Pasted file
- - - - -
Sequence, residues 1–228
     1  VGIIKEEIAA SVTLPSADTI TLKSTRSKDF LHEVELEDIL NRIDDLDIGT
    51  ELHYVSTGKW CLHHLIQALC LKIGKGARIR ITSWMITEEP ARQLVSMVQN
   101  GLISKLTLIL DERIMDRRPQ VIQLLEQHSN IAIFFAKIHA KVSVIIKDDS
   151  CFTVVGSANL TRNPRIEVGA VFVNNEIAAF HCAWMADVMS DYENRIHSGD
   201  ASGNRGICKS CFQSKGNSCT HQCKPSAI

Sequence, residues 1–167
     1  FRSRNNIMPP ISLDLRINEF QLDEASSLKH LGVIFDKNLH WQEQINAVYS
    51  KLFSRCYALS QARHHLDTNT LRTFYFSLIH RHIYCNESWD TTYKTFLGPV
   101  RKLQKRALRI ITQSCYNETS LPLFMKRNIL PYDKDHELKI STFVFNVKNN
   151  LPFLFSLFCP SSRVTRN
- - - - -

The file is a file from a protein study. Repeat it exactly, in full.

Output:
Sequence, residues 1–228
     1  VGIIKEEIAA SVTLPSADTI TLKSTRSKDF LHEVELEDIL NRIDDLDIGT
    51  ELHYVSTGKW CLHHLIQALC LKIGKGARIR ITSWMITEEP ARQLVSMVQN
   101  GLISKLTLIL DERIMDRRPQ VIQLLEQHSN IAIFFAKIHA KVSVIIKDDS
   151  CFTVVGSANL TRNPRIEVGA VFVNNEIAAF HCAWMADVMS DYENRIHSGD
   201  ASGNRGICKS CFQSKGNSCT HQCKPSAI

Sequence, residues 1–167
     1  FRSRNNIMPP ISLDLRINEF QLDEASSLKH LGVIFDKNLH WQEQINAVYS
    51  KLFSRCYALS QARHHLDTNT LRTFYFSLIH RHIYCNESWD TTYKTFLGPV
   101  RKLQKRALRI ITQSCYNETS LPLFMKRNIL PYDKDHELKI STFVFNVKNN
   151  LPFLFSLFCP SSRVTRN